Memo February 2013
A memo sent to correspondents, friendsand acquaintances of the Budapest Observatory (BO) in February 2013
How much public money does a country spend on culture? Tiny steps are made to arrive at a point when answers cover roughly the same thing. The process is called statistical harmonisation and begins with semantics. Important stages have been reached on the conceptual level globally and lately in Europe (see pages 47-48 for aesthetic pleasure). Yet the latest Compendium attempt reveals field researchers’ myriad dilemmas. Andreas nevertheless met the challenge and compared per capita spending in 29 countries. The table offers lots of information beyond the embarrassment of green equalling red in the 2011/2012 column (raises = cuts).
The European Commission hired a Brussels based consultancy firm to make a study on financing needs in the creative sector. In this connection, you can
complain tell about your financing record through an online survey before mid March. This serves the preparation of the new loan scheme to be launched from 2014.
The Netherlands is closing its cultural institute in Paris. Of course. On the other hand “the high-quality cultural programme in France requires an active, demand-driven policy. This can be handled by a small, embassy-run cultural section that works flexibly with curators and experts to promote the Dutch cultural and creative sector in France. This solution will be more cost effective and allow a larger share of the funds to be spent on cultural activities.”
Eastward ho, also environmentally: On the Move, the mobility information network has brought out its green mobility guide in Chinese, after four European languages. The booklet belongs to a series by Julie’s Bicycle, a London based not for profit organisation working on sustainability within the creative industries. Also, the endeavour is part of On the Move’s general mission, as displayed in connection with their Charter for sustainable and responsible cultural mobility.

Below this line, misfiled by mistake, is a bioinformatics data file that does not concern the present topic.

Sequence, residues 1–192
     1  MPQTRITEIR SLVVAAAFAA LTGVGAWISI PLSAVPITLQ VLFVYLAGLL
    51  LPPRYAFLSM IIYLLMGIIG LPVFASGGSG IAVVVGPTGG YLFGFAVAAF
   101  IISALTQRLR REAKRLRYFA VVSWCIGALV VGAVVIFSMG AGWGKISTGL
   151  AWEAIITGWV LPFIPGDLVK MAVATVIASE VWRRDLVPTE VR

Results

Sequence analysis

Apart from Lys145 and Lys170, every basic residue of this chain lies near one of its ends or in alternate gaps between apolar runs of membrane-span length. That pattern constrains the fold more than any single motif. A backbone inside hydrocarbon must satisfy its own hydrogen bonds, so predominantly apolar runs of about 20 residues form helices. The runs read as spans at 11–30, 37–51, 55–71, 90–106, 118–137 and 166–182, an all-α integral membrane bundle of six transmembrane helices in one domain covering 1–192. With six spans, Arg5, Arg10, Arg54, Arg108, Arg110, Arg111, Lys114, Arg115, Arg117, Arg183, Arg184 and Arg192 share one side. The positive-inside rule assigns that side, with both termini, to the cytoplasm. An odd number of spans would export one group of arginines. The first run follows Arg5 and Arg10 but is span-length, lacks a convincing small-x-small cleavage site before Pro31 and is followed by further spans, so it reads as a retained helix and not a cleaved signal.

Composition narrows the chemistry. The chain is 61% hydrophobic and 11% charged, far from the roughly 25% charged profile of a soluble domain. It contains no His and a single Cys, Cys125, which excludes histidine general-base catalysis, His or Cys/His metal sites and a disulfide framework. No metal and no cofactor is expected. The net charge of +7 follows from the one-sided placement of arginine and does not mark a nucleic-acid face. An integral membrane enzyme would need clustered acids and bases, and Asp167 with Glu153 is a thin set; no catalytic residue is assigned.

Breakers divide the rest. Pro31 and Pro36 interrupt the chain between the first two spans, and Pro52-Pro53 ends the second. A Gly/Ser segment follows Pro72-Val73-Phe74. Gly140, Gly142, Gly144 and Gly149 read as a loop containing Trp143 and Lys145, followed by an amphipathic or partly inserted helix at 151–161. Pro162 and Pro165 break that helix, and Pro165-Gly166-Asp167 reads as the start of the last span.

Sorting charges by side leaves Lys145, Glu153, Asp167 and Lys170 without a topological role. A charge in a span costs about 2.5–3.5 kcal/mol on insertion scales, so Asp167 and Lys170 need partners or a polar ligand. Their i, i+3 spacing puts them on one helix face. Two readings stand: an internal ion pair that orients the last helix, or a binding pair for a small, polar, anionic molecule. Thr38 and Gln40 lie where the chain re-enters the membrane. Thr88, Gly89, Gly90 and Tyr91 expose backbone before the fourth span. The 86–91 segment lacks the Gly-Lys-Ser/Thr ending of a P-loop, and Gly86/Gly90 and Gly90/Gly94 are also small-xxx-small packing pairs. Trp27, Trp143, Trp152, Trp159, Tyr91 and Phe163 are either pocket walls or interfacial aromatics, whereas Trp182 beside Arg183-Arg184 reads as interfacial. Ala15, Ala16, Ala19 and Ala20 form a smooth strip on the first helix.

The act belongs to the wave of green awakening of the past decade. In culture, the movement comprises theatres, museums, festivals and other events etc. There is an annual green festival award: the latest winner was an aptly named event in Paris. Not to speak of the European Green Capital since 2010: currently Nantes, then Copenhagen in 2014.
The EU Ecolabel is an institution apart, with more than 17,000 products (more than half from Italy). In principle cultural services and institutions could be included as there are hotels and camp sites on the list (such as Slovenska Plaža that the catalogue locates to thirty countries because guests can book from everywhere).
In fact I found the Nordic descriptions clearer and more user friendly than the Julie’s Bicycle guides. Superior are also the recently updated country guides connected to the core function of On the Move: funding opportunities for cultural mobility in Italy, Spain, France, Sweden and Norway.
BO was stupefied by the sophistication of artists’ ranking on the Artfacts site. Skatesart matches it in every respect. The latest research report tells all about the global art market. The database contains the latest capitalisation value of the 5000 best selling visual artists, Picasso towering above everyone else with 3.2 billion dollars. Gerhard Richter is the only living artist among the top ten. In fact he has made the greatest leap forward from the 2011 list of all the 5000 individuals. Those losing particularly much were – not to distress BO – Koons, Hirst, Renoir and a couple of living Chinese artists.
The approach is fully businesslike. We learn that the average rate of return of items that were sold in 2012 after an investment ripening period was 22%, calculated on a per year basis. There are strange things at both ends of the list. A Monet generated a yearly profit of 32% after three years; yet another Monet was sold after two years at an annual loss of 12% (an emergency sale, probably).
Ifacca prepared a study about awards and other honours bestowed on artists by governments, comparing among others the selection processes and amounts. No information was included from Eastern Europe, where official decorations have rich tradition. Chapter 8.1.3 in the Compendium country profiles will guide you, the one on Slovenia is particularly informative.
Related is the case of the Hungarian Academy of Arts, a non-governmental association of this name, beneficiary of a constitutional coup (put into Article X), whose members receive a monthly fee worth somewhat below the average net income. The government promises to raise their number to 250 and the “award” to about 2.5 times the national average.